Paleohydrology of the Subtropical Andes from Lake Records
Collaborative Effort with:
Geoffrey Seltzer, Department of Earth Science, Syracuse University (deceased)
Alexander Wolfe, Department of Earth and Atmospheric Sciences, University of Alberta, Edmonton (email@example.com)
Images from Bolivia
The primary objective of this project is to produce new multi-proxy Holocene paleoclimate records from the subtropical Andes. Previous work suggests a prolonged period of aridity during
the mid-Holocene, however, more work to produce diatom and isotope records is necessary to confirm this hypothesis and determine the extent of this dry phase. Specifically, our focus is to define the timing of
changes in the precipitation-evaporation balance of the Andean Altiplano on an decadal to century timescale for the Holocene. These records are needed to understand the long-term atmospheric dynamics of the
subtropics and to assess the importance of decadal to millennial-scale shifts in the strength of summer convection. We propose to reconstruct the Holocene climate history of the region with a series of studies
analyzing the sediment, geochemical, magnetic, isotopic, and diatom content of lake cores dated at high-resolution by 210Pb and AMS 14C measurements. A transect of sites ranging from
approximately 15° to 20°S in the eastern cordillera of Bolivia will be investigated.
This research will expand the scope of our previous work in the eastern cordillera of Bolivia through additional analytical
work and more extensive geographical coverage. The resulting time-series of climatic-shifts from the new study areas will yield the necessary spatial coverage to identify patterns of regional climate change.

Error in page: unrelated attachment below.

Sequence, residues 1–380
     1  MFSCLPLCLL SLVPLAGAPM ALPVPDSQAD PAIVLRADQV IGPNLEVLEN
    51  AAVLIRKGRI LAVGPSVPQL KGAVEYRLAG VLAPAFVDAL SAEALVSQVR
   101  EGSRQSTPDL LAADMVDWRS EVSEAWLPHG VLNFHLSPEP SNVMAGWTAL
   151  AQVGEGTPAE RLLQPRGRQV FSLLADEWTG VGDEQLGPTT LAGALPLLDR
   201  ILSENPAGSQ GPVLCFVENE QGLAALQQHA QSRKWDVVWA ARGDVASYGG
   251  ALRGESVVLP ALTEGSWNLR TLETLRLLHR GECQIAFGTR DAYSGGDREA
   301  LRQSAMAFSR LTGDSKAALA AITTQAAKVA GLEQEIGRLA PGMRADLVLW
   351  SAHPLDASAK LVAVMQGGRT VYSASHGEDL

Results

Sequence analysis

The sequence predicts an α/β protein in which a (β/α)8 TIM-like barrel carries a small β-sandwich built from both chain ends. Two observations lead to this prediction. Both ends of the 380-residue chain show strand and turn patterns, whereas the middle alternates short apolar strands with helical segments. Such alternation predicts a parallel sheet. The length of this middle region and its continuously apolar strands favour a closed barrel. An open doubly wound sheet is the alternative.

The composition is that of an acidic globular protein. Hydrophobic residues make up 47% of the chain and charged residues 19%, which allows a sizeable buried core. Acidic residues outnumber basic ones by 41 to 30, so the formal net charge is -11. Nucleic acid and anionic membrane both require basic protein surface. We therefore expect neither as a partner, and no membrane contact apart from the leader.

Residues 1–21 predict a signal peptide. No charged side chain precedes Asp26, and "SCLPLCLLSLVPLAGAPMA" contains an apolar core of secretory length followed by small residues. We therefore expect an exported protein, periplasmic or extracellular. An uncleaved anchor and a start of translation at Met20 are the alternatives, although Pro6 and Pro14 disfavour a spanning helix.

We hypothesize that the Andean Altiplano was significantly drier during the mid-Holocene resulting in the complete melting of cirque glaciers from watersheds with headwalls <5500 m a.s.l. This can be tested
with isotope and diatom studies to determine if the preliminary interpretation that alpine lakes were seasonally desiccated during the mid-Holocene is correct. We also hypothesize that the cause of the drier
conditions was due to the weakening of the heat-induced low-pressure cell centered over the Bolivian highlands during the wet season of the Austral summer. We can gain insight into the cause of shifts in the
precipitation-evaporation balance of the southern subtropics by examining a series of sites along a north to south transect to determine if the mid-Holocene dry phase is present and if the timing of the major shifts are
synchronous within the region. Such a record of changing effective moisture will provide insight into the long-term climate variability of subtropical South America. Changes in water resources may have also
significantly impacted prehistoric people living on the Altiplano and may again be an important environmental factor for future populations in the region.